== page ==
If you just don’t like how it looks, maybe the veggies are not diced fine enough, or whatever, puree the salsa in a blender. The chips don’t know the difference!
Make sure you clean that blender well before getting started on the margaritas. When you get into college and beyond, you need more than a Coke to wash this food down.
“When we travel to California, we make sure we go to Roberto’s,” out-of -towners confess to me. Roberto’s, Royberto’s Aliberto’s, and Mariscos are all euphemisms for the prototypical western United States taco shop where Mexican fast food reigns among other fast food.
Since I was high school – we had off campus lunches – the taco shop to me has been a sure thing, a routine destination, and an icon of youth and southwestern culture. My college campus had taco shops, because trips and purchases there cured pre-exam jitters, post-exam hunger, hangovers and deliciously filled the need of between class re-fueling.
In the days before children, when I worked (I should say, got paid to work) and had strict one hour lunch breaks, the taco shop read my urgency and hunger, and complied every time. When I began this mommy thing, and my first child had to be driven around at night to get to sleep, the taco shop once again became a destination, as many taco shops are open 24/7. A new Mommy with a good memory, I would sit in my Jetta, baby in the back, watching singles leaving the bars or parties to reunite at the taco shop in the wee hours. It was cute. Or it wasn’t pretty. But it has never changed.
Taco shop food comes wrapped in a waxy yellow paper or styrofoam boxes. The goodies found within are representative of the many levels of our lives, now that I think and write about it. Tortillas filled with cheesy, gooey, meaty, sour cream and salsa, or the enticing crunch from a rolled taco chronologically take me from ravished teenager eating while driving to 20-something, image conscious-female trying to limit carbs and up the protein.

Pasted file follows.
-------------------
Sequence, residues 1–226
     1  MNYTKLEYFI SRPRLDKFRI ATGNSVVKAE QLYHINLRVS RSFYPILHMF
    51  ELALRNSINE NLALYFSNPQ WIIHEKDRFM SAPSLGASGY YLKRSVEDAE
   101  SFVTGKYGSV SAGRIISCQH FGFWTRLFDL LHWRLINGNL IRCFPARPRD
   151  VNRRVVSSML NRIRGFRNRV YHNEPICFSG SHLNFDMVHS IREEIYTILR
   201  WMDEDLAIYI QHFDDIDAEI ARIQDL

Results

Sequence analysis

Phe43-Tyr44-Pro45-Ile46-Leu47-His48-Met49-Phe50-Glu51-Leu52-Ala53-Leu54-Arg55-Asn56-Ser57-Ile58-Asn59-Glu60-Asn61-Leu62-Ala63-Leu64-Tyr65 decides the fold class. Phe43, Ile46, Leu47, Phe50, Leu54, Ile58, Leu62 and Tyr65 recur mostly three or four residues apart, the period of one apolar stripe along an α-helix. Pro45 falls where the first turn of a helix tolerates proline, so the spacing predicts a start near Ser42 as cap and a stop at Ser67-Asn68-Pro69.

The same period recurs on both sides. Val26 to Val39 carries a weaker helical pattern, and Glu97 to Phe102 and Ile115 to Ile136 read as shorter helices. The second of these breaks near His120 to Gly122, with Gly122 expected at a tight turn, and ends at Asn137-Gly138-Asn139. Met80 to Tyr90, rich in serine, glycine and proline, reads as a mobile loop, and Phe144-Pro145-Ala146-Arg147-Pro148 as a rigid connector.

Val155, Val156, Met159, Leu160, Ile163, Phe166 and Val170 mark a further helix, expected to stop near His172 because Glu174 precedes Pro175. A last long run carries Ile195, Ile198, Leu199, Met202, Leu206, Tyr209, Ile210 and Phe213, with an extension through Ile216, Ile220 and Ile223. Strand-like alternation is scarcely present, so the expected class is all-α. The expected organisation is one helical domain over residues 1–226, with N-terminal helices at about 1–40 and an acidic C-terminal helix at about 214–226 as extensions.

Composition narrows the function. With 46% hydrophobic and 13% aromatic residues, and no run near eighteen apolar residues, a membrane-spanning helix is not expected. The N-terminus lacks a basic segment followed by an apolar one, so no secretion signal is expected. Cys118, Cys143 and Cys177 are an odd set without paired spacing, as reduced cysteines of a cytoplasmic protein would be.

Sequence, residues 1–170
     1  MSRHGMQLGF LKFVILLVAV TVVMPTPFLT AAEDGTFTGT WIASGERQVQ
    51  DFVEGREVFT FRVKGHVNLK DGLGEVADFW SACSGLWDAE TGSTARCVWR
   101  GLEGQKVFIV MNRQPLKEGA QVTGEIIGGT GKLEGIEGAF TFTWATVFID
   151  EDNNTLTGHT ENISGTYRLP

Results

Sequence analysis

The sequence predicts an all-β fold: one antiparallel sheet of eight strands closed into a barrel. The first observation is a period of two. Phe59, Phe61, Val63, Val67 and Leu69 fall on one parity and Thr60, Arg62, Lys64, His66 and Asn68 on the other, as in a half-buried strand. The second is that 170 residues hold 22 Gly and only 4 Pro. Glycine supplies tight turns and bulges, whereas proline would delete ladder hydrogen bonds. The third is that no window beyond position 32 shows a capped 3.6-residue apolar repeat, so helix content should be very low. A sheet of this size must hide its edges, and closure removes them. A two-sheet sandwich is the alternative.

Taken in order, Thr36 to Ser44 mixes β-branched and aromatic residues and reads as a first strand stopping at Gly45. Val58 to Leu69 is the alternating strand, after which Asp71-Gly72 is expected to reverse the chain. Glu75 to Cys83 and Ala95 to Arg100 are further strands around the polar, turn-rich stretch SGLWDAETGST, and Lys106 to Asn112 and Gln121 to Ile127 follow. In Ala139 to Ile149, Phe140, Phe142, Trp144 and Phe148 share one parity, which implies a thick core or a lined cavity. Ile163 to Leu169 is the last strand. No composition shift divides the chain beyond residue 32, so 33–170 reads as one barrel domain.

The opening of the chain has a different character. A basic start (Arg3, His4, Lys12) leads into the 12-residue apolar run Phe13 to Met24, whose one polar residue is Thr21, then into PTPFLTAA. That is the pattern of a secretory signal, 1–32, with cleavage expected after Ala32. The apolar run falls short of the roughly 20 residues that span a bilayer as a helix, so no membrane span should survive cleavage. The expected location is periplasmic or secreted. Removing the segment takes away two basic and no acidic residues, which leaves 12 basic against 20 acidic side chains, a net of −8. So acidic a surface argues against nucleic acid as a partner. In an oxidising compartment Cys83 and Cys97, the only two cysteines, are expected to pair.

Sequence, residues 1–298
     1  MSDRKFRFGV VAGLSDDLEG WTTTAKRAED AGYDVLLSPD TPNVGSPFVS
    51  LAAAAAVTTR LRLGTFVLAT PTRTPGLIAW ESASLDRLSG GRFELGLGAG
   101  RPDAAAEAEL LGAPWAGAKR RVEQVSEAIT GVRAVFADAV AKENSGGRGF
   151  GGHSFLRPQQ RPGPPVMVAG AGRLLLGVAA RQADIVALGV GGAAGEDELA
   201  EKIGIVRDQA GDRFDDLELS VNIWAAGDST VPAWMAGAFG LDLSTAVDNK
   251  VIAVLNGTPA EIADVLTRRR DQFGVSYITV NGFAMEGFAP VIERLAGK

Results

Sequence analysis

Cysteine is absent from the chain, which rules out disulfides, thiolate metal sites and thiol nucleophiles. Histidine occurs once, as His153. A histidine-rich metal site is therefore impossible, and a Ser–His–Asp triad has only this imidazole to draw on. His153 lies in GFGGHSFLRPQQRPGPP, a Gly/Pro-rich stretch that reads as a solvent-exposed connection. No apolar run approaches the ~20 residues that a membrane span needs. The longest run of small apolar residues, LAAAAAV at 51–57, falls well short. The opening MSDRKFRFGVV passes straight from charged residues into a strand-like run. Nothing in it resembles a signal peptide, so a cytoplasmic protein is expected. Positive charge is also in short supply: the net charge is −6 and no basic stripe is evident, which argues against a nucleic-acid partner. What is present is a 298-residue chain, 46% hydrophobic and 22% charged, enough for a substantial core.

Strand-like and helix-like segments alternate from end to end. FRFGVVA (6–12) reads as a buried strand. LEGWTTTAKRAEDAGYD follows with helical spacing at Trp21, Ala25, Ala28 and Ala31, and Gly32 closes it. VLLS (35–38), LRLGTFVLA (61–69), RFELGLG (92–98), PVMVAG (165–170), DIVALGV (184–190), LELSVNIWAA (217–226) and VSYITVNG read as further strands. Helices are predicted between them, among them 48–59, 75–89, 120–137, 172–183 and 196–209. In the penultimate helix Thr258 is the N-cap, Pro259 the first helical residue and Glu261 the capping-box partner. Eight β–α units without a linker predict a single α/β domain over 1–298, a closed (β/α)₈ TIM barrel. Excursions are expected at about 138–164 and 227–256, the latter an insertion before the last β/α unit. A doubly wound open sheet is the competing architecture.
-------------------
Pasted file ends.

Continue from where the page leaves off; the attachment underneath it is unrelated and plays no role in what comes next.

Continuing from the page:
These days, I haul taco shop food to play dates, the park, soccer and baseball tournaments.
Or shamelessly polish off the leftovers while everyone sleeps. (“Mom, what happened to my burrito?”)
The taco shop aroma, it’s just the familiar scent of home – grilled, spiced meat intermingling with salty sea air, smoke from a brush fire, or eucalyptus trees. It makes even the worst day better.
Every city in the United States has a McDonald’s, but taco shops in the southwest, I think, must be like delis in New York or Cracker Barrels in the Midwest. Rustic regional food – it’s just comforting to know there’s culinary salvation on almost every corner.
When they closed down the last Bob’s Big Boy in San Diego, the first taco shop I ever saw went up in its place, the smoke emanating from the roof somewhere. Plastic tables sat out front, nailed to the ground. It was a newly built establishment, this eatery that uprooted Bob (another column), but the new taco shop looked antiquated, faded red and white vertical stripes giving it a street food cart meets beach cabana look. It seemed like that taco shop had been there for years. No matter what time of day, people gathered there.
So I gave it a shot. One taste, and I traded burgers for burritos.
The taco shop era of my life began. From junior high on, I fell in love with cilantro, easily afforded quesadillas, and only recently, discovered carne asada fries. Carne asada fries – strips of lean meat marinated in spices (these vary), placed atop French fries. That alone make this meat-and-potato girl curl my toes in anticipation, but the toppings make this dish; first, you’ve got the fries, then the grilled and chopped meat, then shredded cheddar and Monterey Jack cheese, sour cream, guacamole, cilantro, and salsa fresca. Potato nachos if you will, a meal that all three of my kids agree on. For pure indulgence, I get the California burrito – carne asada fries wrapped inside a tortilla with pico de gallo.
Many taco shops have up to 20 combination plates; enchiladas, tamales, rolled tacos, open tacos, with rice and beans. I usually get stuck deciding between rolled tacos – tortillas wrapped around shredded beef or chicken then fried – or chicken enchiladas. When I can’t decide on that, I’ll move over to the burrito menu and vacillate between machaca, chorizo, pollo asada, or fajita. My husband never deters from his standard carne asada burrito. Everyone has a favorite.